U.S. travel warnings don’t deter many visitors to Mexico

Tourists at Riviera Maya (Photo: Posta)

According to MSN, tourists are still flocking to Mexico despite U.S. travel warnings….

Paola Hernandez-O’Connor, a 27 year old living in New York City, has seen her fair share of violence in Mexico, where she was born. She has been robbed at gunpoint, witnessed a kidnapping at a bar, and even had members of her family killed.

And when she decided despite this to hold her wedding two months ago in Cancún, two members of her wedding party were robbed by the police. “I go home every year though despite this,” she said. “I am obscenely proud to be Mexican and I will never not go there.”

PHOTO: Cancun beach shoreline. (photo by Greg Custer)

Hernandez-O’Connor is one of many visitors who aren’t deterred by increasing violence, though she noticed heightened security in Cancún since she last visited. Mexico has welcomed record numbers of visitors in recent years, but a safety warning from the U.S. has cast a long shadow on visitors’ arrivals.

In August, the U.S. issued a travel advisory for many areas in Mexico due to rising violent crime including kidnapping, homicide, robbery and carjacking. Although drug violence has led to warnings in the past, this most recent advisory included Cancún and Los Cabos, two of the most popular tourist destinations in the country. One of the areas affected by the advisory is Oaxaca, where MarketWatch reporter Emma Court was recently robbed at gunpoint during a cooking class.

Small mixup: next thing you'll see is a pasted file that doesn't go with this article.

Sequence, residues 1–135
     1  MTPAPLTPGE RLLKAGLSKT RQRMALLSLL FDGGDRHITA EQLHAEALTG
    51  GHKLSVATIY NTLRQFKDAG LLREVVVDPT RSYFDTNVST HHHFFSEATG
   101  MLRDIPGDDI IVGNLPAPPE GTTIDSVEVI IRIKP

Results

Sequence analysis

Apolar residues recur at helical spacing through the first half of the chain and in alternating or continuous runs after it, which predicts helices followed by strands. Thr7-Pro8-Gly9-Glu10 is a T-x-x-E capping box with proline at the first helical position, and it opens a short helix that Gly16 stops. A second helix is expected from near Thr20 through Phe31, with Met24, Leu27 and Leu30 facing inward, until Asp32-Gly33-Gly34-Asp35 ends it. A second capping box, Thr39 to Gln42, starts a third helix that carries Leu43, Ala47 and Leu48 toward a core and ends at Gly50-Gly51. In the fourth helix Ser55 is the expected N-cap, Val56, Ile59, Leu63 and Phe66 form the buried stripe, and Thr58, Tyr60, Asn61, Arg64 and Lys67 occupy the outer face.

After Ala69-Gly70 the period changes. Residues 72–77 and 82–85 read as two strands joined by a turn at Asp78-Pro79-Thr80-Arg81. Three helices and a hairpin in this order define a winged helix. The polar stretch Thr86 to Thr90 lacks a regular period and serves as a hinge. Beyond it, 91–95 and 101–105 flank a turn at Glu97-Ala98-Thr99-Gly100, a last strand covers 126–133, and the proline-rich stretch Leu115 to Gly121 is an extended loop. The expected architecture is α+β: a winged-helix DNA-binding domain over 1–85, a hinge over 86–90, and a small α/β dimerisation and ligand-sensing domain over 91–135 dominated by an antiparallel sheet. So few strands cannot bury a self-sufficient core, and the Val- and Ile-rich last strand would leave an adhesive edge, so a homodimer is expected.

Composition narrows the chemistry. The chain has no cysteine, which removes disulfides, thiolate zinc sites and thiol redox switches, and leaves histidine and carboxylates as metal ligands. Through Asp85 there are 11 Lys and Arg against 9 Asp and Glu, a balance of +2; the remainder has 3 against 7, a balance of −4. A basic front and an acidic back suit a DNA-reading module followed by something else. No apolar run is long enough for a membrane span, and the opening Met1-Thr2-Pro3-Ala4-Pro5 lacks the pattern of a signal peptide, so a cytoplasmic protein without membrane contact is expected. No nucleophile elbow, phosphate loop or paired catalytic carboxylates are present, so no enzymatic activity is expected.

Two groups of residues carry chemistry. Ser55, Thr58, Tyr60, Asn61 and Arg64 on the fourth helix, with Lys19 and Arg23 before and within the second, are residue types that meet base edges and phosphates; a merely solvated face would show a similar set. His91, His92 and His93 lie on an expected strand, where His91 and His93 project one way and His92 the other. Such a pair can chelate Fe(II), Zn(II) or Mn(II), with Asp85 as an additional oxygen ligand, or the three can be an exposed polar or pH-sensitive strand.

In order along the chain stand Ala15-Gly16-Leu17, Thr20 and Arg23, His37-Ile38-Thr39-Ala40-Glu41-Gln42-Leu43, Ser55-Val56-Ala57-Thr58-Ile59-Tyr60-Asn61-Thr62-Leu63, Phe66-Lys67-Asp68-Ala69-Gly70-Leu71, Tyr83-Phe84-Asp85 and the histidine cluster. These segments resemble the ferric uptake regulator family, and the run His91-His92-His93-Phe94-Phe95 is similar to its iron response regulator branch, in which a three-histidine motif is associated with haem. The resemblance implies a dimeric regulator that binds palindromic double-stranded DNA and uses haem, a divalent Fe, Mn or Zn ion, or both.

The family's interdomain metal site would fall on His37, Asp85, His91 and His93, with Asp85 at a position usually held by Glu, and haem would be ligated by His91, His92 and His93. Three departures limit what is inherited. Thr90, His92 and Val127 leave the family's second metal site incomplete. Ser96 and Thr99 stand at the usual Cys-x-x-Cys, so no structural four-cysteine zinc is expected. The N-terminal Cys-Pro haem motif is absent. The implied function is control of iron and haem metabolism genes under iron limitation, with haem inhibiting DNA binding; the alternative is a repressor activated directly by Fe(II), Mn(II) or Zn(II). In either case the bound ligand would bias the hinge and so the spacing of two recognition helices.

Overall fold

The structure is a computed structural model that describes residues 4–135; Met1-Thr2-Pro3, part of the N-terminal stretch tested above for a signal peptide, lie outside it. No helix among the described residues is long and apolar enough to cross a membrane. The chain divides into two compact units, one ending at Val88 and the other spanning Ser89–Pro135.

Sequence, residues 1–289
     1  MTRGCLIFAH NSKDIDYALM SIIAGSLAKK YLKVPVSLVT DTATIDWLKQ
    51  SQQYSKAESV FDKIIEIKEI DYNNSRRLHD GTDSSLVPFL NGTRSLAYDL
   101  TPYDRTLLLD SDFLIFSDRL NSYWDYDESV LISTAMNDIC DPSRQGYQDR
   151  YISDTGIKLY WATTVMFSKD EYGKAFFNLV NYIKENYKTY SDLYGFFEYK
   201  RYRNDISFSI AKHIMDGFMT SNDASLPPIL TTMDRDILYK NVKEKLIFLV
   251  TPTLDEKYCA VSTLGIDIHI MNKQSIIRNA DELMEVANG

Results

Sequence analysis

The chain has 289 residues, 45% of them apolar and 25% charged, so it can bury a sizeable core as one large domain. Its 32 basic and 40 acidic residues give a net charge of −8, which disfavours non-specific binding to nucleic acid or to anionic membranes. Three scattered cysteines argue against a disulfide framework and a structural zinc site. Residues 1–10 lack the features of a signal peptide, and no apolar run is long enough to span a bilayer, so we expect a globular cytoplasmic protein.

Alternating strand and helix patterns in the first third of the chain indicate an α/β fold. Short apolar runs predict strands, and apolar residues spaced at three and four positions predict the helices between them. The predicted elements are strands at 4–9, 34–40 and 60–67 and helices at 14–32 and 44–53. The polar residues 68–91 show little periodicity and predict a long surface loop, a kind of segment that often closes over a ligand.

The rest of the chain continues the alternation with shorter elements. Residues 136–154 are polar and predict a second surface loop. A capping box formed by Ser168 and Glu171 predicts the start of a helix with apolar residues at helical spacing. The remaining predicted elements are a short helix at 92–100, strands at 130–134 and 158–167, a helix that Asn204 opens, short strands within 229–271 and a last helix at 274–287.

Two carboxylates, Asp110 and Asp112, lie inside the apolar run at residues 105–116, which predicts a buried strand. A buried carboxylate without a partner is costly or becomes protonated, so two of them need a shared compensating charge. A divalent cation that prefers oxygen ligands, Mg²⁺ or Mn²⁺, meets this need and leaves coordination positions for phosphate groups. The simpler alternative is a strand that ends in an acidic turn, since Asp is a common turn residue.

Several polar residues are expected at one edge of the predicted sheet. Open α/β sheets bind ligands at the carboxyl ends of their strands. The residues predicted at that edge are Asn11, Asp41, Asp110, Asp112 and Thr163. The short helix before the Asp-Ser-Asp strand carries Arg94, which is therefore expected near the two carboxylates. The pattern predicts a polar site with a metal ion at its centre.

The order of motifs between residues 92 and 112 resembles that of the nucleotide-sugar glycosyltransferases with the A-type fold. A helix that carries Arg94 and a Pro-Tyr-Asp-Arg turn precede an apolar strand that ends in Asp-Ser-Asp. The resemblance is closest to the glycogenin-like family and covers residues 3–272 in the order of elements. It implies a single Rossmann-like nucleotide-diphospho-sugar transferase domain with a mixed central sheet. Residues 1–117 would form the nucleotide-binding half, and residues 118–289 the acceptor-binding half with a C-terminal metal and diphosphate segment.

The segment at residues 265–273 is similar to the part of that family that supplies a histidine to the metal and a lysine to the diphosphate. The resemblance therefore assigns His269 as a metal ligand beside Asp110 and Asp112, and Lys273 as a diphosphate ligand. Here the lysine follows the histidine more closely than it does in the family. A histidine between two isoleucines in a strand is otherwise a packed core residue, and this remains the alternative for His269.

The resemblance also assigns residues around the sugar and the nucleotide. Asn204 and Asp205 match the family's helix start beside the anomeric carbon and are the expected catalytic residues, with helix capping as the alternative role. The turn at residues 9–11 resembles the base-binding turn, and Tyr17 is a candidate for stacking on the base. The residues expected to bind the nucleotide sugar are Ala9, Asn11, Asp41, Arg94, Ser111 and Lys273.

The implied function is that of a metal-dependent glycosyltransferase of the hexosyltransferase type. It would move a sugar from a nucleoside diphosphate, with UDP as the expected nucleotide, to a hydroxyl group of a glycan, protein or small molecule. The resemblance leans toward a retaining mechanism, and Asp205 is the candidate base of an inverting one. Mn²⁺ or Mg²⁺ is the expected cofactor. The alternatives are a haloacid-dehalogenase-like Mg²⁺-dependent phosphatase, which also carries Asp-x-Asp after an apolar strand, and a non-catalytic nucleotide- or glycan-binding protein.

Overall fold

Some popular Mexican destinations are attempting to ease travelers’ fears. This comes after the number of tourists visiting Mexico soared to record heights in 2016 to 35 million visitors — up 9% from 2015. In the first three months of 2017, the country also saw record numbers, with 9.3 million visitors bringing in $5 billion in revenue. Tourism was previously forecast to become the third biggest source of revenue in the country by 2018.

But American tourists are conflicted. On the one hand, they’re looking for relatively cheap getaways for beach and sun, and the recent hurricanes in the Caribbean make travel there difficult. On the other hand, the travel advisory to Mexico came at a bad time: as travelers are planning vacations for Thanksgiving, Christmas and New Year’s. Viral videos of violence in the country don’t help to ease the perception it is unsafe.

Click here for full article on www.msn.com.

Source: https://www.msn.com/en-us/travel/news/